The United States Supreme Court’s explication of the functional approach to derived judicial immunity in Antoine comports with our decision in Clements and the analysis that has been applied by our courts of appeals in varying contexts. See Clements, 834 S.W.2d at 46; City of Houston, 961 S.W.2d at 689-90; Delcourt, 919 S.W.2d at 782-83; Byrd, 891 S.W.2d at 707. Thus, we conclude that the functional approach should similarly guide our analysis 557*557 in this case as we consider whether court reporters enjoy derived judicial immunity for the preparation of a reporter’s record when requested by a party.

At the request of a party, the court reporter, like Halsey, prepares an exact copy of the proceedings. This preparation requires skill and training, but does not involve judicial decisionmaking. See Antoine, 508 U.S. at 435-36, 113 S.Ct. 2167 (noting that the doctrine of judicial immunity serves to protect the “independent and impartial exercise of judgment vital to the judiciary,” a function that court reporters do not perform in fulfilling their duties). The preparation of the record does not necessitate the use of discretion, but is more in the nature of a ministerial or administrative task. See id. at 436, 113 S.Ct. 2167. This Court has determined that “[i]f an action involves personal deliberation, decision and judgment, it is discretionary; actions which require obedience to orders or the performance of a duty to which the actor has no choice, are ministerial.” City of Lancaster v. Chambers, 883 S.W.2d 650, 654 (Tex.1994). In preparing the record, the court reporter does not participate in the judicial decisionmaking process or exercise discretion. Therefore, when preparing a reporter’s record, the court reporter cannot be construed as the functional equivalent of a judge, and the court reporter’s actions do not fall under the protection of judicial immunity.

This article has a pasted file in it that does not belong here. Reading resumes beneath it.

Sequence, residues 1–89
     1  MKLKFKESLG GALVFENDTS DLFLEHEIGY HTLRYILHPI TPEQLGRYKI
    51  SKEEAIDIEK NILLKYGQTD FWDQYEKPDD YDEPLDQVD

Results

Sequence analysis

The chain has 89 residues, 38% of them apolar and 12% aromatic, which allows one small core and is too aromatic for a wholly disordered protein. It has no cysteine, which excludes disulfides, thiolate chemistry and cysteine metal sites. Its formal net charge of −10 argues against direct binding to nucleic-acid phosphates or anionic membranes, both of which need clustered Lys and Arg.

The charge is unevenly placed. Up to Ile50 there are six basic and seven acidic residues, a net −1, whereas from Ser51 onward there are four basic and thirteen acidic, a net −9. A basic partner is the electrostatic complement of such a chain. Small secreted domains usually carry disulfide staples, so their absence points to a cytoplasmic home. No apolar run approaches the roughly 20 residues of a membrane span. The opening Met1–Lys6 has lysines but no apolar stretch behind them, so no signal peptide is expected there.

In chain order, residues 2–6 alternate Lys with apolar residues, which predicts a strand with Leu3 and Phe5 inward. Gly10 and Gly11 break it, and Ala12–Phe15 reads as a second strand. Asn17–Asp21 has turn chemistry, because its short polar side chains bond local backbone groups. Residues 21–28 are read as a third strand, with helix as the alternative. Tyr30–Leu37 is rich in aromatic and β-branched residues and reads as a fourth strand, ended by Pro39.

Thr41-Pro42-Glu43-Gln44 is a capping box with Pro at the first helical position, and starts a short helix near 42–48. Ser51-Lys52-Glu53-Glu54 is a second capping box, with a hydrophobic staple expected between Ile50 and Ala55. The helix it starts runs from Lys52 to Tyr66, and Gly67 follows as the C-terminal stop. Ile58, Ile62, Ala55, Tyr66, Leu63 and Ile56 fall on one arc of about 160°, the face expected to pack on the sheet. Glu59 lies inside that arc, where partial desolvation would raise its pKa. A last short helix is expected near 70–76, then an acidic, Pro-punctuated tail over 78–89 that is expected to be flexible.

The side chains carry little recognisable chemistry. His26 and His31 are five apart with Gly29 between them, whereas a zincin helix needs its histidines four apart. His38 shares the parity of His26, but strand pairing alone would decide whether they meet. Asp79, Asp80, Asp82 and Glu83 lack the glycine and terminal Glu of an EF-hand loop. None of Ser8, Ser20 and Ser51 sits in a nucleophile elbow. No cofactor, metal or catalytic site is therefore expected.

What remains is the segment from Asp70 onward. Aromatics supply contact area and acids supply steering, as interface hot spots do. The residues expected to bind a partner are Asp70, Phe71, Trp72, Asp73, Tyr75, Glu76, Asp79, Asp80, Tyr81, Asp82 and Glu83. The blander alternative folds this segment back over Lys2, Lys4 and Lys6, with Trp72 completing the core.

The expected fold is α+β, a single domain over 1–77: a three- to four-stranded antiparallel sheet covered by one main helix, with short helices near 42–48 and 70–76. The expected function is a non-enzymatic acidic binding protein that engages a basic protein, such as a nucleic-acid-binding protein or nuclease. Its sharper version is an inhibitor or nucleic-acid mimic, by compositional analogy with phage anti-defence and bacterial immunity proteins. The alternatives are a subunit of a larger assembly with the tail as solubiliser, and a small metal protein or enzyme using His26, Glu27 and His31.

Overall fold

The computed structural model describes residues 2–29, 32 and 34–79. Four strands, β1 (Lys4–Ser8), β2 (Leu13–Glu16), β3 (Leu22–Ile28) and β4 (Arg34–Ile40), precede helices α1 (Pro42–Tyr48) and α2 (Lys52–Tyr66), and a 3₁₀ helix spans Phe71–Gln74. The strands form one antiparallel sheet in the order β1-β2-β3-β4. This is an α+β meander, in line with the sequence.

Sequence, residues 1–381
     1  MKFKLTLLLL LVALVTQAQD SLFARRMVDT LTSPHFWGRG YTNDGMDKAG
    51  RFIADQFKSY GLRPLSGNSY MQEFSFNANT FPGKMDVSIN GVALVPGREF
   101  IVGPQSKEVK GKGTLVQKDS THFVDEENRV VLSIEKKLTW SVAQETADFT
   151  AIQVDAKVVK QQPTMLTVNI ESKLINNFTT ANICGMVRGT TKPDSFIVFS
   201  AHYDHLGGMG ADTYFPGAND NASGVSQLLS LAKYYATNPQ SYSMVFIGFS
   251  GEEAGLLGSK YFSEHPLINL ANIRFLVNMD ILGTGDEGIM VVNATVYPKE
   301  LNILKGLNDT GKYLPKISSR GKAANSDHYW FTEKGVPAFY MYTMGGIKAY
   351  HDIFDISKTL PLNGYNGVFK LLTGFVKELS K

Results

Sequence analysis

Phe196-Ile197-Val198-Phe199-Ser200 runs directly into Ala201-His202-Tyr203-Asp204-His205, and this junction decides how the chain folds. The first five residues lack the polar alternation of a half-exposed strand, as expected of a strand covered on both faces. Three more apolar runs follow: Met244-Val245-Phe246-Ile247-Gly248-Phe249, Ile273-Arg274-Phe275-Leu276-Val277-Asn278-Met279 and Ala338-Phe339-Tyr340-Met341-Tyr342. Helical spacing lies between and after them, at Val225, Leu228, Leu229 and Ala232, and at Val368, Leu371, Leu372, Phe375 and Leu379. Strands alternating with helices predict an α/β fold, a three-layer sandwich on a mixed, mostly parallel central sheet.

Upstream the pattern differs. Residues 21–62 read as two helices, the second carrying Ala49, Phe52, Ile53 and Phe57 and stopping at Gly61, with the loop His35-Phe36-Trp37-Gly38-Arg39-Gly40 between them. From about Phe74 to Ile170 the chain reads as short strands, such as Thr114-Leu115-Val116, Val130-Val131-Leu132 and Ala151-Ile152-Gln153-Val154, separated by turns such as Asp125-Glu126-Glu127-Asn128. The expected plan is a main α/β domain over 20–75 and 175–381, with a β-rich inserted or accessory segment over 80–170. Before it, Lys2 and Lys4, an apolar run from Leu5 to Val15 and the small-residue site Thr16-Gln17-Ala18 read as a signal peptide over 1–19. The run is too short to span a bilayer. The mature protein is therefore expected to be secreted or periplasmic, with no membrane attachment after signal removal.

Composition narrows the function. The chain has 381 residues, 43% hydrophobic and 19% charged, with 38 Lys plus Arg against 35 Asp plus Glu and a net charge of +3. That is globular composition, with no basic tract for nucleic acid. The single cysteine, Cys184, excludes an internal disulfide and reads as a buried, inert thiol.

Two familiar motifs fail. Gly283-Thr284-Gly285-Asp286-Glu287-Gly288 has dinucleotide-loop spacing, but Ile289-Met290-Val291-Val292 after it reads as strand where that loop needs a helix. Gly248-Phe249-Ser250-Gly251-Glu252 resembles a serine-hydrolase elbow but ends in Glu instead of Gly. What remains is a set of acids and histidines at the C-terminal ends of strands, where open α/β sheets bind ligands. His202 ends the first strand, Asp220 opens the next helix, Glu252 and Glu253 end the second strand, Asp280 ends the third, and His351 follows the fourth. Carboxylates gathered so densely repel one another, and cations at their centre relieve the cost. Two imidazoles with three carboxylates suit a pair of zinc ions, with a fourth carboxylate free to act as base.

In this case, Halsey prepared the Routier reporter’s record at the County’s request. She was paid separately for this service, and completed the preparation per the terms of her contract with a party, a transaction that was separate from her official reporting responsibilities. Preparing the reporter’s record did not involve any function similar to judicial decisionmaking on her part; her job was to prepare an accurate copy of the proceedings for the requesting party. In this capacity, she did not exercise discretion comparable to that of a judge. Therefore, Halsey is not entitled to derived judicial immunity for her acts in preparing the reporter’s record in the Routier case.

Accordingly, we reverse the court of appeals’ judgment and remand the cause to the trial court for further proceedings.

Justice ENOCH did not participate in the decision.

[1] This rule was repealed in 1998 and is now found in substantially the same form at Texas Rule of Civil Procedure 204.4(a).

[2] This statute was repealed in 1995 and is now codified at Texas Family Code § 107.001, which gives a court the general power to appoint a guardian ad litem.